Well worth the annual subscription in my humble opinion. Yes, spreadsheets do work fine but it's a lot harder to view and update things at the point you are about to spend as opposed to after the event which is really the entire point of this sort of system.
    • kindofagilr
    • By kindofagilr 25th Feb 17, 8:11 AM
    • 6,107 Posts
    • 20,518 Thanks
    I love spreadsheets but gave YNAB a try when you could buy it for a one off payment, but went back to my spreadsheets. Last year I tried again, but it didn't last long and again went back to my spreadsheets. I prefer spreadsheets as I can change them to suit how I work with my money and I can do this as many times as I like. I don't like that I can't change anything in YNAB but have to work how it is set up. This is just me, I think I have to be in control of everything I would definitely not pay per month though as presumably once you stop paying you lose the functionality of it (not sure about this??).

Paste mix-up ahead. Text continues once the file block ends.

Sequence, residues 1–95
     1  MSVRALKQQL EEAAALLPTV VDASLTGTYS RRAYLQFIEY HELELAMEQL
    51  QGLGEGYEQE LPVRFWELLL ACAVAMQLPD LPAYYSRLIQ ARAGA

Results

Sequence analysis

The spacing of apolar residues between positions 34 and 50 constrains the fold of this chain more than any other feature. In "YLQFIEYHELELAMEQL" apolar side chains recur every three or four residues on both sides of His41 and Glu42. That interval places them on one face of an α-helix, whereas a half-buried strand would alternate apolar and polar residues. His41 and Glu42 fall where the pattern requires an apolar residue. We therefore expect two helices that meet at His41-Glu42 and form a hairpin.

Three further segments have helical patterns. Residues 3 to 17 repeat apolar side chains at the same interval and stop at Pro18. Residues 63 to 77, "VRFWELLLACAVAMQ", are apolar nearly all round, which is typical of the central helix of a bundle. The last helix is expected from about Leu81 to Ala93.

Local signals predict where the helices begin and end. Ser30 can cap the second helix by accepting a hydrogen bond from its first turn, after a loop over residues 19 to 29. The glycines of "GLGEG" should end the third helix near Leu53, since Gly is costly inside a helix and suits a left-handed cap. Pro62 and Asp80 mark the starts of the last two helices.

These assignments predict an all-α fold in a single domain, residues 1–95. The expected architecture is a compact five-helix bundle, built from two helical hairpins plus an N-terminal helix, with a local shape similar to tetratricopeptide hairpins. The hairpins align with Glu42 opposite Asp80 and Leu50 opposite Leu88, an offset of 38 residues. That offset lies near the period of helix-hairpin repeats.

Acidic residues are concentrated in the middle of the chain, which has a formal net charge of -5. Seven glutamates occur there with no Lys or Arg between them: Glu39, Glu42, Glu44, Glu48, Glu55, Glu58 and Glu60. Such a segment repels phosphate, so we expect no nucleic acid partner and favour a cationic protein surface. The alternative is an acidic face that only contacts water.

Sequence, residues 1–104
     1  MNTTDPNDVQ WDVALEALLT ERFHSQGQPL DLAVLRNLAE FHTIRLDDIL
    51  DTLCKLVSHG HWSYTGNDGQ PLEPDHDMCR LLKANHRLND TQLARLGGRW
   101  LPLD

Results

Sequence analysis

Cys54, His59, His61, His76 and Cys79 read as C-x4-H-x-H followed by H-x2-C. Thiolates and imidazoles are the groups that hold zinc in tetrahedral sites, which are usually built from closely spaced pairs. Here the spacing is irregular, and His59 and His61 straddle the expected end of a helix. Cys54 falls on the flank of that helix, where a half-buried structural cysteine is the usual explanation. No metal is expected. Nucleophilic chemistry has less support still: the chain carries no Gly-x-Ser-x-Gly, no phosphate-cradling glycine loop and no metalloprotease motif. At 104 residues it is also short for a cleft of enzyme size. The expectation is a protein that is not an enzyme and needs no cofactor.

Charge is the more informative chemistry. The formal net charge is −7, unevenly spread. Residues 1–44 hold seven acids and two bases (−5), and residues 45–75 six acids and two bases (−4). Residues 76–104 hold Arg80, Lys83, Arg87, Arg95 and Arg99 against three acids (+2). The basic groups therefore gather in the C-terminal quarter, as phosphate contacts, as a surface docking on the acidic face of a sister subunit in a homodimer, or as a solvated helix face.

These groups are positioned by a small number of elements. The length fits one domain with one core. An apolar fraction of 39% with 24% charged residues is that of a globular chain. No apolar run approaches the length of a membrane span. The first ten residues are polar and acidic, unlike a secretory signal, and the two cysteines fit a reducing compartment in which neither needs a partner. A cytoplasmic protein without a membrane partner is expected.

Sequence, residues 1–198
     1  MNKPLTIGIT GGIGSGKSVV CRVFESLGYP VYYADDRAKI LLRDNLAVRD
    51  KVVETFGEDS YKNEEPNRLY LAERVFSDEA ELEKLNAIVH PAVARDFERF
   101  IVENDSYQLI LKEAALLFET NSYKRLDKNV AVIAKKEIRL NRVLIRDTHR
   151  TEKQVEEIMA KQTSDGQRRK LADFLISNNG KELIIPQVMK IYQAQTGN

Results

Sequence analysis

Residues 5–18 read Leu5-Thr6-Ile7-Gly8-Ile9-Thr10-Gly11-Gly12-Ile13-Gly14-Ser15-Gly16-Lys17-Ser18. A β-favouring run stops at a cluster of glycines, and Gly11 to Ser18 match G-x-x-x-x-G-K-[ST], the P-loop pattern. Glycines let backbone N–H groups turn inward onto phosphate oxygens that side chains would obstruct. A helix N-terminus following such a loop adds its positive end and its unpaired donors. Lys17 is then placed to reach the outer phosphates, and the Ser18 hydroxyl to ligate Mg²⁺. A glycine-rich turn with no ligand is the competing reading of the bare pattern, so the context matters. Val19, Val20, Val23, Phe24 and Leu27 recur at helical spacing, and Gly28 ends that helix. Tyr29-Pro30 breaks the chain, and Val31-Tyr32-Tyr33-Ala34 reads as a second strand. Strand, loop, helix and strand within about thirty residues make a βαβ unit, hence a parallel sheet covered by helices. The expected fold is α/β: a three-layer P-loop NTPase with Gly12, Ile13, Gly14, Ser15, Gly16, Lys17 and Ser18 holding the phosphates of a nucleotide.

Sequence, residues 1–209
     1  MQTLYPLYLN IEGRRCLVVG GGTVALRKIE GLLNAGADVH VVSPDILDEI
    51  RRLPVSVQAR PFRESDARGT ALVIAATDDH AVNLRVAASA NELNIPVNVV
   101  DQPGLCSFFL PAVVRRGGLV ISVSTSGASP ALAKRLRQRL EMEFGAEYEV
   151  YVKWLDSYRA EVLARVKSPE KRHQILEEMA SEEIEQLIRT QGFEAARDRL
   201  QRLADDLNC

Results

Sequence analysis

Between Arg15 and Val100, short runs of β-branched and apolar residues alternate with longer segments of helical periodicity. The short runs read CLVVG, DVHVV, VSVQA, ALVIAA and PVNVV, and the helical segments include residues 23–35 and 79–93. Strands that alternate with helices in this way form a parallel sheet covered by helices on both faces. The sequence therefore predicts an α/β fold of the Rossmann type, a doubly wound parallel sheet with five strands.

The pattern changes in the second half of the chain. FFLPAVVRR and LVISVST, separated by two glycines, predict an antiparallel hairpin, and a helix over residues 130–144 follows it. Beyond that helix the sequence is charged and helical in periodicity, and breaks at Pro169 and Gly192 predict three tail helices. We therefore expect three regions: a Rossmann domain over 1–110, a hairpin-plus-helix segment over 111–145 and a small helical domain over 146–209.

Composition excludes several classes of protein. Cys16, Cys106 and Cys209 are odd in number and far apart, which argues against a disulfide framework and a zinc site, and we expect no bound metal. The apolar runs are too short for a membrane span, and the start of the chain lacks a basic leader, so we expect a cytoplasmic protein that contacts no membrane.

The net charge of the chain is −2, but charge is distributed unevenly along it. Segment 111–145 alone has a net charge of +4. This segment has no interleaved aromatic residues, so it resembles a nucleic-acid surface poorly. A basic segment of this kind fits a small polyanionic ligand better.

Its up to personal preference as I know many people wouldn't do without it
    Originally posted by Mysteek
    This is how I think I would be. I love my spreadsheet, and have no issues in any month of running out of money or anything now I have a good budget spreadsheet on the go (I used to fail to manage money big time)
    Real LBM in DEC 17 £0.00/£56,706.79 as of 06/01/18

    POAMAYC 2018 #87 PD £0.00/£12,000
    POAMAYC 2017 #87 PD £10,380.18/£10,000
    POAMAYC 2016 #87 PD £7454.80/£7000

    Mortgage (Start Date 01/04/09 ~ 30 year term, due to end 01/07/39)